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I've run into a really strange issue. I can reproduce on my win7 laptop as well as an ubuntu machine.

I have a C++ program like so:

#include <string>
#include <sstream>
#include <iostream>
using namespace std;

int main() {
  for (int i = 0; i < 9; i++) {
    string line;
    getline(cin, line);
    stringstream ss(line);

    for (int j = 0; j < 9; j++) {
      int p = 8;
      ss >> p;
      cout << p;
    }
    cout << endl;
  }
  return 0;
}

Now, if i compile it an run it with ./a.out < test.txt where text.txt contains:

1 2 3 4 5 6 7 8 9
2 2 3 4 5 6 7 8 9
3 2 3 4 5 6 7 8 9
4 2 3 4 5 6 7 8 9
5 2 3 4 5 6 7 8 9
6 2 3 4 5 6 7 8 9
7 2 3 4 5 6 7 8 9
8 2 3 4 5 6 7 8 9
9 2 3 4 5 6 7 8 9

It will output (without spaces):

8 8 8 8 8 8 8 8 8
2 2 3 4 5 6 7 8 9
3 2 3 4 5 6 7 8 9
4 2 3 4 5 6 7 8 9
5 2 3 4 5 6 7 8 9
6 2 3 4 5 6 7 8 9
7 2 3 4 5 6 7 8 9
8 2 3 4 5 6 7 8 9
9 2 3 4 5 6 7 8 9

Why is the first line wrong? I've tried reading the first line out of the loop as well. Also, if I replace ss > p with cin > p I just get an output table full of 8's.

This is not making any sense!!

Okay you guys were right. Some weird stuff as the first character of my input file:

od -c test.txt
0000000 357 273 277   2       0       5       0       0       7       0
0000020       0       6  \n   4       0       0       9       6       0
0000040       0       2       0  \n   0       0       0       0       8
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1  
Maybe there's something funky in your test.txt file - maybe look at it with a hex editor? I get the contents of test.txt (without spaces) echoed when I compile/run with GCC 4.5.1 (MinGW) or with VS2010. –  Michael Burr Nov 19 '10 at 22:42
    
I think there is a blank line at the start of your test.txt (or something that isn't numeric). –  Martin Broadhurst Nov 19 '10 at 22:49
    
format strings are better! –  Svisstack Nov 19 '10 at 22:53

4 Answers 4

up vote 1 down vote accepted

It's a problem with the data (since the code looks OK). Most probably you've saved your text file with UTF-8 encoding with BOM. An UTF-8 BOM is three bytes at the start of the file, and trying to interpret those as a decimal number specification would fail.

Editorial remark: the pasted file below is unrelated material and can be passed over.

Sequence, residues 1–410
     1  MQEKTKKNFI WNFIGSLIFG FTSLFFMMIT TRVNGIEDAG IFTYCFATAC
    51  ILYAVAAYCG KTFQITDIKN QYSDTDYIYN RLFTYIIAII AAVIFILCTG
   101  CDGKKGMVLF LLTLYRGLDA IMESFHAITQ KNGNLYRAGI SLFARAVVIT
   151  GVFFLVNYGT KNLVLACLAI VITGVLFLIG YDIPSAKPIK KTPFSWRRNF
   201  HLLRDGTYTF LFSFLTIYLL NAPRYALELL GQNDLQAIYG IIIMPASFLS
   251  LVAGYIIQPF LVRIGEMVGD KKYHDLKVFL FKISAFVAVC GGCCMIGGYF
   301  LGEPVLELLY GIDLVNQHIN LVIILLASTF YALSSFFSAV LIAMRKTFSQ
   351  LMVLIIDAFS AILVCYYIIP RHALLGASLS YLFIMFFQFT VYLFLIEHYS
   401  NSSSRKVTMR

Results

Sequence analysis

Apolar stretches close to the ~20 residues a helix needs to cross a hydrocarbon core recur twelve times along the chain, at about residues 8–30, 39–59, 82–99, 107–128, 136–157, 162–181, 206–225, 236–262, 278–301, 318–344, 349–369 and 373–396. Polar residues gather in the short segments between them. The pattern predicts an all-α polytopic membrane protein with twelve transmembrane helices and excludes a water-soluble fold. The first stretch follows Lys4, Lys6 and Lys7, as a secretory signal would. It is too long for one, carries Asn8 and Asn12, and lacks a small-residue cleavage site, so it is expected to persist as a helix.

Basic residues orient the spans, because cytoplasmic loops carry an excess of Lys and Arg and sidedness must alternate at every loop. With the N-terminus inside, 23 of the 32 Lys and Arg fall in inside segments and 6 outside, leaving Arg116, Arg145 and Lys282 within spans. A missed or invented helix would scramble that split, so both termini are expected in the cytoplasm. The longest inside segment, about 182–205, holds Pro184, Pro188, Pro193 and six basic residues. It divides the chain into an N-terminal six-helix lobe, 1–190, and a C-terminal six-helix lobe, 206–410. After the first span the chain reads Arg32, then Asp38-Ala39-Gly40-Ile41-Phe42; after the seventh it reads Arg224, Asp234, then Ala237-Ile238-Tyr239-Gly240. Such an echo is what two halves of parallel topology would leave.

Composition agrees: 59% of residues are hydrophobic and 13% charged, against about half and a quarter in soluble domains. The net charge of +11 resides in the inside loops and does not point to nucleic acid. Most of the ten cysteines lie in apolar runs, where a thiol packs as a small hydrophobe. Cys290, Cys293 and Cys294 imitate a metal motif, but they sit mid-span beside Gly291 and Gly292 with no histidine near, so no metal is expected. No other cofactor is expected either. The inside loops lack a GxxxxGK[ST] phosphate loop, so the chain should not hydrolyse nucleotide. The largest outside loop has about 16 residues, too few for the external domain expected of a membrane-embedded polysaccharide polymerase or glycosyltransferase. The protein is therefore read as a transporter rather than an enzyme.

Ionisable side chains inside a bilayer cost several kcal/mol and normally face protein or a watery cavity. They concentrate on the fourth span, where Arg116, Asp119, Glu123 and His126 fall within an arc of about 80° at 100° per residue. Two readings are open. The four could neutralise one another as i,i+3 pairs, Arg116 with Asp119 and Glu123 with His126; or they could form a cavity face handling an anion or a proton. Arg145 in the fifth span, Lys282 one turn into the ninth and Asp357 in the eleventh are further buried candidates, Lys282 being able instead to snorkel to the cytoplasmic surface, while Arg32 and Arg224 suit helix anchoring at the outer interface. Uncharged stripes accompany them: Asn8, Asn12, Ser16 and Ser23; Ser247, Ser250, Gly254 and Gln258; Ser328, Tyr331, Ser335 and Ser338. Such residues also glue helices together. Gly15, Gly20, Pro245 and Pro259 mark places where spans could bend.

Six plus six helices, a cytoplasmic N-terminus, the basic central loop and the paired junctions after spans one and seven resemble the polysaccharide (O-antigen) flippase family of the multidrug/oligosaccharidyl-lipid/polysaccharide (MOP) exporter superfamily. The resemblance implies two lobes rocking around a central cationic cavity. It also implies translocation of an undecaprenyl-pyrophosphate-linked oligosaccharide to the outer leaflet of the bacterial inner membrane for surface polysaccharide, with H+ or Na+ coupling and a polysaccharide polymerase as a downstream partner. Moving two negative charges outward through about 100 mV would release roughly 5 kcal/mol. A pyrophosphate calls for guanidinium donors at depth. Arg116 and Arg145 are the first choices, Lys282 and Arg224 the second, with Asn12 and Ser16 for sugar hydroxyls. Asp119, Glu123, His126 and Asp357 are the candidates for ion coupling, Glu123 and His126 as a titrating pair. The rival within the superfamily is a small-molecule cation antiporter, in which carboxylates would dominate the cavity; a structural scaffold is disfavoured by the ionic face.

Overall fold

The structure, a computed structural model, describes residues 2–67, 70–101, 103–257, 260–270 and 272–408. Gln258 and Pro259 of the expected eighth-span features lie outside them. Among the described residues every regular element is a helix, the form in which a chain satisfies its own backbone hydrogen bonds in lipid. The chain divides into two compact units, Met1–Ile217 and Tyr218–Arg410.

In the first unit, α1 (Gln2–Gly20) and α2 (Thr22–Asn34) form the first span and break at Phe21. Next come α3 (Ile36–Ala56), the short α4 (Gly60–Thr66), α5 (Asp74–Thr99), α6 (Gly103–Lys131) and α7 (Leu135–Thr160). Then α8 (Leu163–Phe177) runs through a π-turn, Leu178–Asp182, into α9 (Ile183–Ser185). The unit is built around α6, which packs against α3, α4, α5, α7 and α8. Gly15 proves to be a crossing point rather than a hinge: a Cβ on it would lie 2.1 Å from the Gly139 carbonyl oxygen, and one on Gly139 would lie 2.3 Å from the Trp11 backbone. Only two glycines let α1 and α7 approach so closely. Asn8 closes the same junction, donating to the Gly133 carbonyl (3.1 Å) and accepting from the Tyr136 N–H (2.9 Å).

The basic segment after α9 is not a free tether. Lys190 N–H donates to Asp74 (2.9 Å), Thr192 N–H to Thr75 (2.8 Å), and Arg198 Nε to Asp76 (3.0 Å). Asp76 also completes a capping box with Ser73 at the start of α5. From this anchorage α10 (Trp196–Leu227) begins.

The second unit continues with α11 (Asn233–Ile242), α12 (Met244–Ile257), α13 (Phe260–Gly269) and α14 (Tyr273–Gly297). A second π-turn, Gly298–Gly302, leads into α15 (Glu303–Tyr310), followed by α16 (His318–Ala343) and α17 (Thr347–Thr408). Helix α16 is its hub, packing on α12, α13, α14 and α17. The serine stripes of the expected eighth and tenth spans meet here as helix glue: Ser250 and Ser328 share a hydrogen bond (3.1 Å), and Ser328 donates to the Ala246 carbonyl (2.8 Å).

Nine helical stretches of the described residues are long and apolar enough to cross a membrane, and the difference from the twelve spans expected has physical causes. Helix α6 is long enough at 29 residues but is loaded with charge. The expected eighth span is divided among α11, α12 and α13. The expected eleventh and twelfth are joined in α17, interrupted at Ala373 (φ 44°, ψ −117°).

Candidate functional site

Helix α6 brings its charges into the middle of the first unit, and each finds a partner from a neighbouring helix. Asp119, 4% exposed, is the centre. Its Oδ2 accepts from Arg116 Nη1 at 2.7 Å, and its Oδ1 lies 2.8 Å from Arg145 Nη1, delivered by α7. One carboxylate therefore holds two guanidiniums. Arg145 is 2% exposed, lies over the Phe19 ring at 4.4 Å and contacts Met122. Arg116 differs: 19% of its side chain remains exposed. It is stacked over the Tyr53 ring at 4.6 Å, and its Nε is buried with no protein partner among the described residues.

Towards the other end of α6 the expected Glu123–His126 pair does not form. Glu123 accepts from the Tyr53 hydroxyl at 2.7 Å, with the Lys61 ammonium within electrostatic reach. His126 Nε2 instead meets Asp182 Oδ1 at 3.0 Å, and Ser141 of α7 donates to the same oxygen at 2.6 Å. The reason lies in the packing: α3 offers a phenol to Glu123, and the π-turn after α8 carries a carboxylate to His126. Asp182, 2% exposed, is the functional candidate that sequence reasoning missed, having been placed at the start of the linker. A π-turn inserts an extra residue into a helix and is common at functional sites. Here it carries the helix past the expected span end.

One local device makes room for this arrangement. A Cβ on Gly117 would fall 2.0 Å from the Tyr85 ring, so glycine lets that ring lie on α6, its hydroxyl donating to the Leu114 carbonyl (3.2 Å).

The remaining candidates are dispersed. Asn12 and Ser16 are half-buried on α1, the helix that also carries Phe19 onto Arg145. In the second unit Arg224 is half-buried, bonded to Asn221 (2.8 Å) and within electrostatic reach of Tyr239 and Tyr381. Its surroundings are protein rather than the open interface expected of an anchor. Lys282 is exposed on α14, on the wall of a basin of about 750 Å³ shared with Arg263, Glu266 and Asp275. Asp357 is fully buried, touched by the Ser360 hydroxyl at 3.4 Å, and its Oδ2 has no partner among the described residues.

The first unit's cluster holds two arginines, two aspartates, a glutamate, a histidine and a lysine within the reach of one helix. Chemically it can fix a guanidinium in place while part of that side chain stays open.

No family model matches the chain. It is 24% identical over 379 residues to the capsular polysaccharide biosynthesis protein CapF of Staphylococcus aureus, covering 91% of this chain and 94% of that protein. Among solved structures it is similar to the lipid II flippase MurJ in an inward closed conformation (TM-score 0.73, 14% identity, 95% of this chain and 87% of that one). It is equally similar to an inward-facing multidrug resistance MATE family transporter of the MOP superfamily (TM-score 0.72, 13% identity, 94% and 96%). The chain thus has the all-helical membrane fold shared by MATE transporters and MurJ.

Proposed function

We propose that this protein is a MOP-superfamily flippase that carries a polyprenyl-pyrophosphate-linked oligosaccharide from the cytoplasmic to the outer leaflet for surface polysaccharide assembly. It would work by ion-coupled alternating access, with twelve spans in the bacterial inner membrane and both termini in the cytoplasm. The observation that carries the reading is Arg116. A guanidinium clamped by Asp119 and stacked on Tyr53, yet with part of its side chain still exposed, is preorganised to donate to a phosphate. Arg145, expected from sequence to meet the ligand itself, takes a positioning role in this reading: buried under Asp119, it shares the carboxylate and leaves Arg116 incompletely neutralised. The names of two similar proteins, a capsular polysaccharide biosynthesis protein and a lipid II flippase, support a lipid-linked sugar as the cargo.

Second, third, fourth line etc. OK because you're creating new istringstream object for each line, so not retaining error mode from previous line.

So, fix: save the file without BOM -- assuming the BOM hypothesis is correct.

Cheers & hth.,

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Your code seems fine to me, if I were you I'd double check the input file : are you sure there is no empty first line, or some non-numeric character on the beginning of line 1 ?

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seems like a homework or school project to me. How are you gonna learn if you just ask "What's wrong with my code?"

http://www.stanford.edu/dept/vpsa/judicialaffairs/faculty/materials.honorcode.htm

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Sure, this looks like it could be homework, but the OP clearly stated the problem and showed that he had made an attempt at figuring out what the problem was on his own. In addition, these kinds of comments that aren't attempts at answering the question belong in the question comments, not as a possible answer. –  AndyPerfect Nov 19 '10 at 23:09
    
The are TAs to answer questions and clear doubts, but they will not provide the solution. –  Cesar A. Rivas Nov 20 '10 at 14:39

I suspect you wrote your own getline(), and the bug is there. InputStreams have a getline(char*, int), and I suspect your cramming string.begin() into the first param, and Some Other Number into the latter.

Don't do that.

All your program should be doing is copying the input to the output (given this code and that input). It's not doing that either, even on the lines that "work".

I am seeing a number of Not So Experienced Programmer 'signatures' here. 1) Overly short variable names (outside a for loop counter), "ss" and "p" 2) Magic error number (8), particularly one that doesn't stand out from the data. 3) "using"

1 and 3 both hint at a lack of typing speed, and therefore experience... despite your 1k+ reputation (which is based mostly on asking questions... the situation becomes clearer).

I'd rewrite it something like this:

int curDig;
curLine >> curDig;
if (curLine.good()) {
  cout << curDig;
} else {
  cout << "FAILED at line: " << lineIdx << " containing: " << line << std::endl;
}

Chances are, you're going to see "FAILED at line: 0 containing: " right out of the gate, due to what I think is a bug in your getline().

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